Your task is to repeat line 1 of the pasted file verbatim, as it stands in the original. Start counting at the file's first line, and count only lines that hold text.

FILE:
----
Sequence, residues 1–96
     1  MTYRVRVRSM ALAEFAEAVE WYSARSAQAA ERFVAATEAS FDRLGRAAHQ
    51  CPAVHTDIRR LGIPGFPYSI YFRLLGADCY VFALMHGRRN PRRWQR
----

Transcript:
Sequence, residues 1–96